Watching for What’s Safe: How People (and Squirrels) Calculate Risk

Bird sitting on a branch in tight focus with blurred green leaves in the background.

We’ve all heard the squawk a bird makes when they sense a threat. That loud harsh noise is meant to tell other birds, “Danger danger, Will Robinson”. My husband recently shared a great little vignette on squirrels and birds.

It turns out squirrels don’t have to have their own signal for danger — they count on the birds to tell them. They also wait for the birds’ all-clear sign. Squirrels are doing in nature what happens at work, too. What thinker Amy Edmonson has researched as “psychological safety”. 

We humans look around to see what’s safe to do, too. A friend was telling me a story of how one technical lead had formulated a new way to build something. The tech lead had been thinking about it for a while, then wrote it down, and had been sharing it with other people. 

Then, another technical lead (a more senior one) returned from a 3-month sabbatical. The senior tech leader stated how he had a “new” idea, which was remarkably similar to the one the more junior person had already been leading, developing, and sharing. 

In short order, the more senior leader took over as “the visionary” who got heard. Meanwhile, the other person who had been tilling the soil and doing the work got stepped on and pushed aside.

While all the leadership knew what was going on — a power move by the more senior leader to show his dominance — no one said anything. To them, it was simply a matter of “the work was getting done”. To leadership, the ideas were close enough to one another that the status contest wasn’t viewed as important.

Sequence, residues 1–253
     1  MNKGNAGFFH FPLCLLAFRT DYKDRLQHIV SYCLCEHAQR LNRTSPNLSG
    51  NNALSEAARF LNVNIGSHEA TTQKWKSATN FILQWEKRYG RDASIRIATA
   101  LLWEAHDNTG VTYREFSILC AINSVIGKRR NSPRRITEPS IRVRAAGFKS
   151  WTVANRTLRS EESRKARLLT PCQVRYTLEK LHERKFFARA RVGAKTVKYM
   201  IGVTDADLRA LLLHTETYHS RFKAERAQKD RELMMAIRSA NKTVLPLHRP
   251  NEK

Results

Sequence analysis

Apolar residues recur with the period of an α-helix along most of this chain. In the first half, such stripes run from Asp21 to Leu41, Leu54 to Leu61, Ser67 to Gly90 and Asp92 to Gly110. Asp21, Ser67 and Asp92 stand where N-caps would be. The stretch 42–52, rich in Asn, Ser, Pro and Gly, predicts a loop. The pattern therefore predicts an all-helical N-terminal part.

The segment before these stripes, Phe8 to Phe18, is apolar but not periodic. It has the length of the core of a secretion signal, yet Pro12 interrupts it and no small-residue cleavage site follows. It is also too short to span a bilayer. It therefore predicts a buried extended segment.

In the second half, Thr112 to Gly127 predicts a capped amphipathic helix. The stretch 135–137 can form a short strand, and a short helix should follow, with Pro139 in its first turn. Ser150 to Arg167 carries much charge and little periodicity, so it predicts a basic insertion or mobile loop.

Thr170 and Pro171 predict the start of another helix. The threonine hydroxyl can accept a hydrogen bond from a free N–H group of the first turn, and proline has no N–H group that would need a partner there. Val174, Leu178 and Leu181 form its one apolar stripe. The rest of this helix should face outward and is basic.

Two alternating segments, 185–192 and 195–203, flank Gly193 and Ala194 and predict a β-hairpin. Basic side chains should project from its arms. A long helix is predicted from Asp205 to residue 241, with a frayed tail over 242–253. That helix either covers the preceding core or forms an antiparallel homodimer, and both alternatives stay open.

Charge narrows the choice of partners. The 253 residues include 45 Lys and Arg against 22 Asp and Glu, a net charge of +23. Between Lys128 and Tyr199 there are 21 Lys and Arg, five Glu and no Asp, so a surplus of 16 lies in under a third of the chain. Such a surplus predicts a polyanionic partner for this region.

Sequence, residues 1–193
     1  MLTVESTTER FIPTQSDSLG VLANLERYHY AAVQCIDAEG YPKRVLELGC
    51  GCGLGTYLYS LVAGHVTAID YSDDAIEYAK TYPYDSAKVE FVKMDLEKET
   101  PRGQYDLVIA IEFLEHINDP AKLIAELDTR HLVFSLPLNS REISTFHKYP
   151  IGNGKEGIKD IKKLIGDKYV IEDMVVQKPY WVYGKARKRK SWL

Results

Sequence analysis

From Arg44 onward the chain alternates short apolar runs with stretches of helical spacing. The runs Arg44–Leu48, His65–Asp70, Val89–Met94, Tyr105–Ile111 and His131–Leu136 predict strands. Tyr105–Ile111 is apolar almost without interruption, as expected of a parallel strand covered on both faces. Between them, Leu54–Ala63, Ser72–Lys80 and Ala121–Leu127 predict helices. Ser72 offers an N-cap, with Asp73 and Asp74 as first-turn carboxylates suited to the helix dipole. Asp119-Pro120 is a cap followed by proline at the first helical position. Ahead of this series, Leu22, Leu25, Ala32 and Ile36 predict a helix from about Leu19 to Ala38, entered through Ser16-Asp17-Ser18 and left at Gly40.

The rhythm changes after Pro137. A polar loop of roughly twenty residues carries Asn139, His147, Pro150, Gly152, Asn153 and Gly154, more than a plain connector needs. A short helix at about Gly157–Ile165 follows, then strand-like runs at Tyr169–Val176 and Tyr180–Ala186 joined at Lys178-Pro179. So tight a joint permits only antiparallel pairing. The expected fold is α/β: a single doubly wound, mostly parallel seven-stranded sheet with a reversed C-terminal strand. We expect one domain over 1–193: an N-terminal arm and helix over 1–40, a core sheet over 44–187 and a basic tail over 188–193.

But here’s the thing that everyone else in the organization saw: Status and hierarchy rule over fresh ideas. Leadership signaled that, even if you’re the creator of a new idea, you will have that idea clearly stolen from you, and you will personally be overridden and trampled not because your idea sucked but because you are the lower person on the totem pole. 

The team will internalize this experience as ‘It’s not worth the effort to try and do something new because it won’t pay off’. Once the organizational leadership signals this is okay, the willingness of everyday people to take risks will decrease. As trust decreases, risk decreases, and innovation suffers. 

If power and status games are allowed to happen, a culture of innovation never thrives.

Down the line (maybe even a year or two later), the executive team won’t trace the reduced innovation rate back to the moment where they allowed status to win.

But those who are watching for what is safe to do will be able to tell you exactly what they saw. 

Just like the squirrels listen for the birds, we humans watch for what works. We learn what is encouraged, rewarded, supported and what is allowed. 


Orange background with stacked words in white text saying "Next Do Act Now" with grey arrow behind the text.

Now, if someone was watching you, what would they see? 

Monday: Name one thing you’d want people to know simply by watching you. Maybe it’s that you value learning or curiosity or good questions. Maybe it’s how you stand up to bullies and say it’s not okay to steal ideas and take credit for them. 

Month: Write down for yourself how many times you exhibited the trait you value. And, how many times you encountered it, too. 

Metric: Ask 10 of your colleagues how to rate you on this one thing from a scale of 1-4 (1 being not at all, 4 being all the time). 

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